TORONTO — For the man who has everything, all Derek Jeter really wants for his 40th birthday is to have it pass quietly.
“It’s like turning any other number,” Jeter said before the Yankees-Blue Jays series finale at Rogers Centre on Wednesday. “I really don’t pay attention much to numbers.”
Jeter has never been keen about discussing his advanced baseball age, though it’s a difficult topic to avoid when the captain of the Yankees is celebrating a milestone birthday today and still making a living as a starting shortstop.
In 1995, when he broke into the big leagues, could he have imagined suiting up in pinstripes as a 40-year-old active player?
“I never sat down and said my goal was to play until this particular age,” Jeter said. “My goal was to play every year and compete. But I never looked that far ahead.
“When you’re 20 years old, coming up, you’re just trying to keep a job. So, I never thought about it.”
Jeter was glad that his birthday fell on a Yankees off-day in New York Thursday. A private gathering was planned. Then, it’s back to work against the Red Sox on Friday at the Stadium —cbusiness as usual.
It’s been 4 1/2 months since Jeter declared this to be his last year as a player. Adjustments have been made over the years, but they’ve been subtle changes in Jeter’s view — no drastic allowances for age.
For one thing, Jeter is a serious believer in mind over matter.
“I don’t think about (age),” Jeter said. “I think the mind is very important. If you start thinking that way, you’re in trouble. So my mind-set is to treat (age 40) no different than any other age. That’s how I cope with it.”
Having never played another big-league position but shortstop, Jeter is not a dinosaur at age 40 but one of a kind.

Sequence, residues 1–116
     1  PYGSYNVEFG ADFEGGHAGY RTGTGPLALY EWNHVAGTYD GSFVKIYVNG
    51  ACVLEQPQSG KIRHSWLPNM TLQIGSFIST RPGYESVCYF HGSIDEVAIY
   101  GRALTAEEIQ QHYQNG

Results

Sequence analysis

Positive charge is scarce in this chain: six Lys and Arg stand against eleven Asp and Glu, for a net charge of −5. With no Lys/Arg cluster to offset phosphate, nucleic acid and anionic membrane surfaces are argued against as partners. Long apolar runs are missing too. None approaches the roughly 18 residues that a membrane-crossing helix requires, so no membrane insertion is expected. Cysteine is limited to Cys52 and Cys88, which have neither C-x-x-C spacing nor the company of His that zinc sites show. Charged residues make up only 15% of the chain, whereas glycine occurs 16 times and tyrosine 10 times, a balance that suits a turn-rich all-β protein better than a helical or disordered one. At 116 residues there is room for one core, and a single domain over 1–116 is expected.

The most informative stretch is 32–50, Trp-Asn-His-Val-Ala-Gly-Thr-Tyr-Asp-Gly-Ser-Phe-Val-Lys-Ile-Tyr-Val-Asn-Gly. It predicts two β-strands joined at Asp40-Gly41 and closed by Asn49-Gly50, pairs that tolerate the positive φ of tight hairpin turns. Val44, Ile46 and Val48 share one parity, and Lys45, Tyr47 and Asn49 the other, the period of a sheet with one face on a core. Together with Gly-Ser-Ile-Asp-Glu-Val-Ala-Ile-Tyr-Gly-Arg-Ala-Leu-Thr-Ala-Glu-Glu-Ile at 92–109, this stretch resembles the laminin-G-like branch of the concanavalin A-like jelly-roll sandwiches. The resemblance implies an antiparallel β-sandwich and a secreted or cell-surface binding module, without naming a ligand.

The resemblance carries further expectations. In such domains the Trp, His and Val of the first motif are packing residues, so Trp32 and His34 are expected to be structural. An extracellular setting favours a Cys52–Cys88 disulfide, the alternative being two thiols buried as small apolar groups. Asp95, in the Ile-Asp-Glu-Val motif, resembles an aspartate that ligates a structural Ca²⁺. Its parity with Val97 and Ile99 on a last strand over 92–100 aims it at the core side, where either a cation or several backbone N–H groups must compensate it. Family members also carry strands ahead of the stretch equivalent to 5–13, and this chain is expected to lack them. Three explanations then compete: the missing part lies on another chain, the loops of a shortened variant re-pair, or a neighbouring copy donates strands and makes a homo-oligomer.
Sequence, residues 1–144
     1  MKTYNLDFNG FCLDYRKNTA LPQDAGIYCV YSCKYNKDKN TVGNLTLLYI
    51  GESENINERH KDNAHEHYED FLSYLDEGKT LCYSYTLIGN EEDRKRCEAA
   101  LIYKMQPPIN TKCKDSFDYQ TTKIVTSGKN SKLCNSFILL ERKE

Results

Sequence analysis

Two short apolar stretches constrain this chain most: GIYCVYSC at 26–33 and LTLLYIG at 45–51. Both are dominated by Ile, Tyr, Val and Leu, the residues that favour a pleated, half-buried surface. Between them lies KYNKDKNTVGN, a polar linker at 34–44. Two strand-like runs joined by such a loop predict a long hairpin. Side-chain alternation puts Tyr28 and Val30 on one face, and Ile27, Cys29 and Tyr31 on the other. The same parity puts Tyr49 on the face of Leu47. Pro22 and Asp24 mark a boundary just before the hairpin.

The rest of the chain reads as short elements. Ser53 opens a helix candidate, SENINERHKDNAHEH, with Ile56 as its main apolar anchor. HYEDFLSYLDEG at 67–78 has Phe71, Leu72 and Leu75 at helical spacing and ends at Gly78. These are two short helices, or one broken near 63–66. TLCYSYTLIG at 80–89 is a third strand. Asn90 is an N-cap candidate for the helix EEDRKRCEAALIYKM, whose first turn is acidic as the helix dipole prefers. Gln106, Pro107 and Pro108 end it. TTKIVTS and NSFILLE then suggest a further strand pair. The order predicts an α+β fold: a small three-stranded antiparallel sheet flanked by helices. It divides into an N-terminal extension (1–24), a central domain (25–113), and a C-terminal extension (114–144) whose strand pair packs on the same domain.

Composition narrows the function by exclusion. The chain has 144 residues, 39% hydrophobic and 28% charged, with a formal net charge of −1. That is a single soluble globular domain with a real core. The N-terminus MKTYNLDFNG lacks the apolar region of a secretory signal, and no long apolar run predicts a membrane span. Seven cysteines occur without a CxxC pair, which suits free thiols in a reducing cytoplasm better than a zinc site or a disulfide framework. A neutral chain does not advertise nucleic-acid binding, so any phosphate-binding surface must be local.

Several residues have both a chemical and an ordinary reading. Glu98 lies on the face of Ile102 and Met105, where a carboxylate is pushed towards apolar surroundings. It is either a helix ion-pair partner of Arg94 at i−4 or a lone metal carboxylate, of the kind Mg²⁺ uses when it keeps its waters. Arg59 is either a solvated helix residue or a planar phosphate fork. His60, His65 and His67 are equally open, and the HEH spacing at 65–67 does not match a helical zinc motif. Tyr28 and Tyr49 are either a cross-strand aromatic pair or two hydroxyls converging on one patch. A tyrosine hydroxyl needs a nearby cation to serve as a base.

“It’s pretty incredible. You just don’t see people do that,” said Yankees manager Joe Girardi of Jeter’s longevity, which goes along with a Hall of Fame resume. “You don’t see people play until they’re 40. If they are, it’s usually in a different league.”
But there’s no Seniors Tour in baseball.
In the middle of his 19th big-league season, Jeter still detests the days he’s rested and forced to watch from the bench.
“He’d be that way when he’s 75,” Girardi said.
Even now, Jeter wonders why the question comes up about his resistance to sit one out occasionally.
“I played 159 games two years ago,” Jeter said of his 2012 season, which ended with a left ankle fracture in the playoffs. “I expect to play every day. My job is to prepare to play every day.”
So far, Jeter has played in 67 of the Yankees’ first 77 games, including 63 starts at shortstop and three at designated hitter. He also made one appearance as a pinch hitter.
Admittedly, Jeter said it’s been a challenge to ramp back into the grind of a season after missing all but 17 games last season due to a second ankle fracture and related leg injuries.
“From a physical standpoint, as you get older, it’s about the recovery,” Girardi said. “It gets harder on a daily basis, and that’s what you have to worry about.”
With Jeter another year older, wiser and still batting second for the Yankees, his concession to age is to keep working.
“I always worked hard … and worried about being in shape when I was 20 years old. In that sense, it’s no different [now],” Jeter said. “If you have that approach, you don’t have to make much of an adjustment.
“It’s not like I’m going to wake up tomorrow and say I’ve got to do something different.”